On 17 July 2007, the conflict surrounding the restructuring was resolved when the trade unions obtained a written statement from Opel-GM’s international management guaranteeing the production of two new sports-utility vehicle (SUV) models in Antwerp with the option of a possible third car model in 2009. With this provision, the plant will maintain a production capacity of at least 120,000 cars in the coming years. Nevertheless, the plant will still have an overcapacity of workers. As a result, 1,700 production workers and 180 white-collar staff will have to go, along with more than 400 temporary-agency workers.

On 1 July 2007, the management reached an agreement with the trade unions on the redundancy settlement for the production workers. Some 1,200 workers over 50 years of age can take early retirement and retain between 82% and 89% of their last net wage. In addition, up to 750 workers will be made redundant. Workers who decide to leave the company voluntarily, having worked at the Antwerp factory for at least 25 years, can claim a maximum gross severance payment of €144,000.

A week later, a similar redundancy plan for the plant’s white-collar workers was agreed upon.

Employers critical of agreed plans

The agreement triggered a lot of criticism among employers in Belgium. The former Head of Volvo Gand and newly-elected Member of Parliament, Peter Leyman of the Flemish Christian Democrats (Christen-Democratisch en Vlaams, CD&V), considered the planned redundancy payments immoral. The Federation of Belgian Enterprises (Fédération des Entreprises de Belgique/Verbond van Belgische Ondernemingen, FEB/VBO) described the payments as worrying. It had hoped that what it considered high redundancy payments at VW Vorst in Brussels (BE0701049I) earlier in the year would be a one off event; this has now proved not to be the case. FEB/VBO supported the criticism raised by the metal industry employer organisation, Agoria.

Meanwhile, the Organisation of the Self-Employed (Unie van Zelfstandige Ondernemers, UNIZO) considered that workers were getting the ‘wrong signal’ and argued that the unions should have pressed for alternative employment for the workers who would be made redundant instead of focusing on high redundancy payments. Right-wing political parties used the new agreements to make a plea for a new ‘Generation Pact’, which would contain more stringent rules on early retirement.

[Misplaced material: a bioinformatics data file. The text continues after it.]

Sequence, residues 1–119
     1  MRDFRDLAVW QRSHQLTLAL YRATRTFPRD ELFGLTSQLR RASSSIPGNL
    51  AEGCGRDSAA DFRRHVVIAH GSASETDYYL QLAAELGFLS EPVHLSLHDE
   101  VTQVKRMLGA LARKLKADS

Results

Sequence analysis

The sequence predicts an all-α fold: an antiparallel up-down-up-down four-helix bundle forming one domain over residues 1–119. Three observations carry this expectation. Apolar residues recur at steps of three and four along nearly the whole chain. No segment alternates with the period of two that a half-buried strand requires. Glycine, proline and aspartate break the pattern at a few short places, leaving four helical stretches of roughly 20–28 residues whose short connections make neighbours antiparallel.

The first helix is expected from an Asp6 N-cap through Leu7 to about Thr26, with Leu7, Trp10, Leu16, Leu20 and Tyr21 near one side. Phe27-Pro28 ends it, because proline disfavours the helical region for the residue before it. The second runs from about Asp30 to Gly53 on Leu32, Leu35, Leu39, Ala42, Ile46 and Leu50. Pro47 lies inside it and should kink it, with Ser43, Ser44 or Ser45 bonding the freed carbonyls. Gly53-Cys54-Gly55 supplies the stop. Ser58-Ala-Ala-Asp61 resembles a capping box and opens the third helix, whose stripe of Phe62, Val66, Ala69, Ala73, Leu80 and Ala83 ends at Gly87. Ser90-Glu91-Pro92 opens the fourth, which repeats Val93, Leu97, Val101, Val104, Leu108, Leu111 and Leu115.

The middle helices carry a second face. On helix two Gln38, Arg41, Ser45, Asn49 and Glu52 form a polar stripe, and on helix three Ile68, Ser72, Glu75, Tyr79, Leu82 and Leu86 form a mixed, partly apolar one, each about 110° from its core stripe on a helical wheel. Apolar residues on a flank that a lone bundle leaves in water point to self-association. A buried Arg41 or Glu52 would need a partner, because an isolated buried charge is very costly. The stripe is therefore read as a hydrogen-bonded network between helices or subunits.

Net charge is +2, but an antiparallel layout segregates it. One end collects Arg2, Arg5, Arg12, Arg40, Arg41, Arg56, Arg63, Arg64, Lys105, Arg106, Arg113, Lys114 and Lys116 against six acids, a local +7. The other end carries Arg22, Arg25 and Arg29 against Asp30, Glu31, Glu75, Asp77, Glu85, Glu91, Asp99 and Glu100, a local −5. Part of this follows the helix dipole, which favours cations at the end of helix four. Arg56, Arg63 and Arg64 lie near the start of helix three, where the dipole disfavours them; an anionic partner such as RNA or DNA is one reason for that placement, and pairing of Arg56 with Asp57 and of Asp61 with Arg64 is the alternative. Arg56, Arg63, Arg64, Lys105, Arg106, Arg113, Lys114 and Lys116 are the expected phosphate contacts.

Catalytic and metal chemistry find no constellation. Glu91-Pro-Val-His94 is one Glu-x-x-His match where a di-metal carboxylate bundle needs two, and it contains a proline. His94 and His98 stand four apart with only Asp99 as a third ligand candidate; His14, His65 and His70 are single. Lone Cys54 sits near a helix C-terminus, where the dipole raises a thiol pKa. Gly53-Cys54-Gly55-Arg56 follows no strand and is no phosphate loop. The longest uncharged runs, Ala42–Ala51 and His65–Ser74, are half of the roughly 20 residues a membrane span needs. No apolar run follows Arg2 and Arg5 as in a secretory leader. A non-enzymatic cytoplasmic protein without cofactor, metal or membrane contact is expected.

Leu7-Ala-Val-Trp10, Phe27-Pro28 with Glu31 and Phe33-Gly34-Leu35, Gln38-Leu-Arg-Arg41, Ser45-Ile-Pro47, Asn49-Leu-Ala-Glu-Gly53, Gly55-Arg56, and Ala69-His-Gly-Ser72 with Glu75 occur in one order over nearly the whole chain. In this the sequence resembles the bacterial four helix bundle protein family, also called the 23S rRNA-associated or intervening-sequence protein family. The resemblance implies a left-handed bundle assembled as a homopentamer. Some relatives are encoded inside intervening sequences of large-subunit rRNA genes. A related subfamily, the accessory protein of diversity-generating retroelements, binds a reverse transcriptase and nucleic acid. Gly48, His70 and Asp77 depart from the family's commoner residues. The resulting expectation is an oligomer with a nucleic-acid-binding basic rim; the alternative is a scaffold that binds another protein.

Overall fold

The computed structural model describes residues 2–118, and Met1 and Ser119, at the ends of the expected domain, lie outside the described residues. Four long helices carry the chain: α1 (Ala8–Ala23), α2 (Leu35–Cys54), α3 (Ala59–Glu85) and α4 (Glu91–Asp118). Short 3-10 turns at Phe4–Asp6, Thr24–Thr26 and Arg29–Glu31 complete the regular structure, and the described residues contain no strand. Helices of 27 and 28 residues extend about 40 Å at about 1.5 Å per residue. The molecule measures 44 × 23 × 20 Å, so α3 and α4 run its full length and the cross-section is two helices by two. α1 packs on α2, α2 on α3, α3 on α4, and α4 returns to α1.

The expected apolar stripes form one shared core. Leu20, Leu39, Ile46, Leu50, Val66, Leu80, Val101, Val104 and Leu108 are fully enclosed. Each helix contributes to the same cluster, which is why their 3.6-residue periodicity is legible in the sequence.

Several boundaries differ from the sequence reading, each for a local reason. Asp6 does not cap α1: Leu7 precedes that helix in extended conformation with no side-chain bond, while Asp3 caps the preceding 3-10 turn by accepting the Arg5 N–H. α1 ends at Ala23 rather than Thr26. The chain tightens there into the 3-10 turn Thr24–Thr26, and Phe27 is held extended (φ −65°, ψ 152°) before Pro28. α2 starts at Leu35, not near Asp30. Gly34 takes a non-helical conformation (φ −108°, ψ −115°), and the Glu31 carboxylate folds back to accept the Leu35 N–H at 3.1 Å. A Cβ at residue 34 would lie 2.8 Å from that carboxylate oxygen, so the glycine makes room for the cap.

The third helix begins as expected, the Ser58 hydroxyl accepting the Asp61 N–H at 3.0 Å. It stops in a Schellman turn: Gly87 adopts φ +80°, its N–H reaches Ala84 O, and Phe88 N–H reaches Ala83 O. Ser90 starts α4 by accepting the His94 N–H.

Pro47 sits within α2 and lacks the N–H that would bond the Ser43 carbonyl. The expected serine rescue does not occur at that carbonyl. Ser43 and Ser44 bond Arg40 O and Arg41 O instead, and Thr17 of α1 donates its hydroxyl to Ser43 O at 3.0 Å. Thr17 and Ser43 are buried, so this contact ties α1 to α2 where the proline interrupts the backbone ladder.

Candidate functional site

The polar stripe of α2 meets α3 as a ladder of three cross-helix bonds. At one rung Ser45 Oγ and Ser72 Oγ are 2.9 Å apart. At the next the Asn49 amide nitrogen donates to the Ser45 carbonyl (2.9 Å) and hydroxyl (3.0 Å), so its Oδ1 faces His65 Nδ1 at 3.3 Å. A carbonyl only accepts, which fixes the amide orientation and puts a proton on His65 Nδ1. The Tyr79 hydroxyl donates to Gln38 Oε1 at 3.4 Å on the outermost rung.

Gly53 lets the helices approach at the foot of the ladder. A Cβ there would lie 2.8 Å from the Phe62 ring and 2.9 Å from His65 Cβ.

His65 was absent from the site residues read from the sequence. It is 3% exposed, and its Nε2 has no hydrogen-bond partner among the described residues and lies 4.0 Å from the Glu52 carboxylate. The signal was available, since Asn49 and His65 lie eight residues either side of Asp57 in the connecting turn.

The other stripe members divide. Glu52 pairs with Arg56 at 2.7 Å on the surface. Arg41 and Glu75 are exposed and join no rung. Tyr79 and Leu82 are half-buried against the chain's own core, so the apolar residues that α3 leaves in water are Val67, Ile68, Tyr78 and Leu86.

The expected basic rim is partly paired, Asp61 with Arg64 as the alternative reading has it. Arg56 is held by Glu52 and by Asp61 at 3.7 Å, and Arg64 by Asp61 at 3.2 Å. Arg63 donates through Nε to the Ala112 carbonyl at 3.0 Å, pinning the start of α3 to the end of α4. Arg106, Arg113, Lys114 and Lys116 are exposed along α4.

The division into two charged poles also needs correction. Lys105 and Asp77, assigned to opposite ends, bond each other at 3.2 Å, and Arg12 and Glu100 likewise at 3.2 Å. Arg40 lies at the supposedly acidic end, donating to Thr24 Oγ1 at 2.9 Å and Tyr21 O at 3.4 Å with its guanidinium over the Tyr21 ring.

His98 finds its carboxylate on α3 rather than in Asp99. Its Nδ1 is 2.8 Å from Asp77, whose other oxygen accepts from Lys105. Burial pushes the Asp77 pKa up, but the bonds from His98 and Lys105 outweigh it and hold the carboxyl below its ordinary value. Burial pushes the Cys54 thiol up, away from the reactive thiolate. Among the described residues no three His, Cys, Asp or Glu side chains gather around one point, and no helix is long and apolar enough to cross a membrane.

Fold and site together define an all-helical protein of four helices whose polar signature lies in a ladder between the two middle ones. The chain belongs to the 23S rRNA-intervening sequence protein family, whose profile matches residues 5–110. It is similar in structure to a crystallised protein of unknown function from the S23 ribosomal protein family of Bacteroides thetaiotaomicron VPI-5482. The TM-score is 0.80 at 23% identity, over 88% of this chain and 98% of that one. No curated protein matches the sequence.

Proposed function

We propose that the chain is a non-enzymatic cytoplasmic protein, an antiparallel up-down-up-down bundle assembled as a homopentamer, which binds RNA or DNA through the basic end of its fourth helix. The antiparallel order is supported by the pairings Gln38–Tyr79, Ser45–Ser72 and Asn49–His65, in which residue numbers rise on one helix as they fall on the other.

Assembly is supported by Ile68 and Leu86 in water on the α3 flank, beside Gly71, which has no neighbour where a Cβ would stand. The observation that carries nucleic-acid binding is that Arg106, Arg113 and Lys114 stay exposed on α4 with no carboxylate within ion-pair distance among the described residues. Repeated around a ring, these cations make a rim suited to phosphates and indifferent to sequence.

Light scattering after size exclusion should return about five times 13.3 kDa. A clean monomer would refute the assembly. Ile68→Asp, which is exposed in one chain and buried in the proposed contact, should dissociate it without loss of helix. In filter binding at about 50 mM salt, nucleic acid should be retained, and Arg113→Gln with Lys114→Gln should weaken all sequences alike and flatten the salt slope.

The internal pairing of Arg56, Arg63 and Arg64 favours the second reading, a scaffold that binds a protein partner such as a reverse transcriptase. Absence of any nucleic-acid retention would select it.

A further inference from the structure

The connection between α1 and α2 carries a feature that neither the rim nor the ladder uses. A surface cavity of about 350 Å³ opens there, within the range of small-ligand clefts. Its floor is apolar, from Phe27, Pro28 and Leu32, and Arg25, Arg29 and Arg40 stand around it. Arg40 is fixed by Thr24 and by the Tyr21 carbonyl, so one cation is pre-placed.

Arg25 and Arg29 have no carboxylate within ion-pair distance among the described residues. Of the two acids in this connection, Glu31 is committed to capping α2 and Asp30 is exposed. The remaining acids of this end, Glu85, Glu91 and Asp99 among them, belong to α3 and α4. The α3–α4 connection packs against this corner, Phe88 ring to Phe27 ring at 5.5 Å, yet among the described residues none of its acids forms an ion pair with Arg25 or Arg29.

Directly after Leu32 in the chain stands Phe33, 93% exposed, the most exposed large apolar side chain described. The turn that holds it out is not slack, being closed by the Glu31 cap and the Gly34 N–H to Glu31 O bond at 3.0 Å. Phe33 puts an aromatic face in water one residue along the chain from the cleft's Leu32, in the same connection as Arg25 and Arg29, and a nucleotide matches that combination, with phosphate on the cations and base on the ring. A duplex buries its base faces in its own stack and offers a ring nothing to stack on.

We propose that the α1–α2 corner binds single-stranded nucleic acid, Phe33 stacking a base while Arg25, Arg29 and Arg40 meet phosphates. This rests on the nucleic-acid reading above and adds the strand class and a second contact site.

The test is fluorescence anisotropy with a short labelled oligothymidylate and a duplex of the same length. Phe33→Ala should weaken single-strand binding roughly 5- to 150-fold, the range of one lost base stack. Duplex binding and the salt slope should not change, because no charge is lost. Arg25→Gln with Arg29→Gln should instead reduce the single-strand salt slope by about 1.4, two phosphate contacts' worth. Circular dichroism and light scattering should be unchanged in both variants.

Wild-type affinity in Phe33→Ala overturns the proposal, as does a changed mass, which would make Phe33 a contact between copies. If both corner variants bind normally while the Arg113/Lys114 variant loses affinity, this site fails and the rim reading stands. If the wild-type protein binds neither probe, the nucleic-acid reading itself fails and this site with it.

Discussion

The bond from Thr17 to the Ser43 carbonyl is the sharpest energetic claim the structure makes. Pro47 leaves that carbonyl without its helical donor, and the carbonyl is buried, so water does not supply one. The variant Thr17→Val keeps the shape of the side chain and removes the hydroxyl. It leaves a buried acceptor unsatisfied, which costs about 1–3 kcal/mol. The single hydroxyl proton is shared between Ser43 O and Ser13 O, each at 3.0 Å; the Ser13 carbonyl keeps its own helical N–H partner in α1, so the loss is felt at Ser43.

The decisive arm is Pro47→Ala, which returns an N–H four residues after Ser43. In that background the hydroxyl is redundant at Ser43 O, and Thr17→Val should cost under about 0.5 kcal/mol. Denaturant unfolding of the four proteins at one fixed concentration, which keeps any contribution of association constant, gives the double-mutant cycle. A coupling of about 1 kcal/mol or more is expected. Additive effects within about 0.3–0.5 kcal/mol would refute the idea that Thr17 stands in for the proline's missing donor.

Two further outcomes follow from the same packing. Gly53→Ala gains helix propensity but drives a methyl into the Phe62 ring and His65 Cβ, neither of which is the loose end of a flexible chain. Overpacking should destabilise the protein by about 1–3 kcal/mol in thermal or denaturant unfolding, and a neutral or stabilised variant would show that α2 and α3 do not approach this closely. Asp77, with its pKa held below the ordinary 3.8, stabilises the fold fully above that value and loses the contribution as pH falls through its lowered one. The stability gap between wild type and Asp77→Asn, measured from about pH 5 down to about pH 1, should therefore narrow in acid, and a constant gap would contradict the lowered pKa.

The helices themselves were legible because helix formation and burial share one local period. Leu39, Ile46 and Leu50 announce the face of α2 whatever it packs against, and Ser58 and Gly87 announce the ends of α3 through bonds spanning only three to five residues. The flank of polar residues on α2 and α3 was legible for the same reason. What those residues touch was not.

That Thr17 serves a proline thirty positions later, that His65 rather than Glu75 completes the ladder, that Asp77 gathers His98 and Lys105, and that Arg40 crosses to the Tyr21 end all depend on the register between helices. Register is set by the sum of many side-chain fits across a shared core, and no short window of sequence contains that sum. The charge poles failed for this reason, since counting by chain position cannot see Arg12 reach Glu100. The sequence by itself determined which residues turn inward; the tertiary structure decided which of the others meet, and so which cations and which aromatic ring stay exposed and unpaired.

Workers and trade unions reacted angrily to this criticism. The Belgian Employment Minister, Peter Van Velthoven – of the Flemish socialist party (Vlaamse socialistische partij, SP.A) – supported the agreement. He believes that it includes sufficient measures to get people back into employment and is in accordance with the provisions of the Generation Pact (BE0602304F). The minister also stated that while many people take early retirement, but they have to remain available for the labour market.


In comparison with other restructuring cases in the Belgian car industry, the following observations can be made:

  • the severance payments are indeed high and comparable with German practices, which is the parent country of the companies involved;
  • the redundancy payments for temporary agency workers is a new feature;
  • Belgian metalworkers appear to be becoming more resigned to job losses. Previous restructuring cases (BE9703202F, BE0311305F) were accompanied by large-scale national protests on each occasion. This time, the protest was contained largely to the company itself;
  • doubts about the viability of the Belgian car industry remain (BE0606019I). Nevertheless, in the same month as the Opel restructuring case was finalised, Audi Vorst (formerly Volkswagen, VW) announced that it will recruit 100 new employees in the coming months.

Guy Van Gyes, Higher Institute for Labour Studies (HIVA), Catholic University of Leuven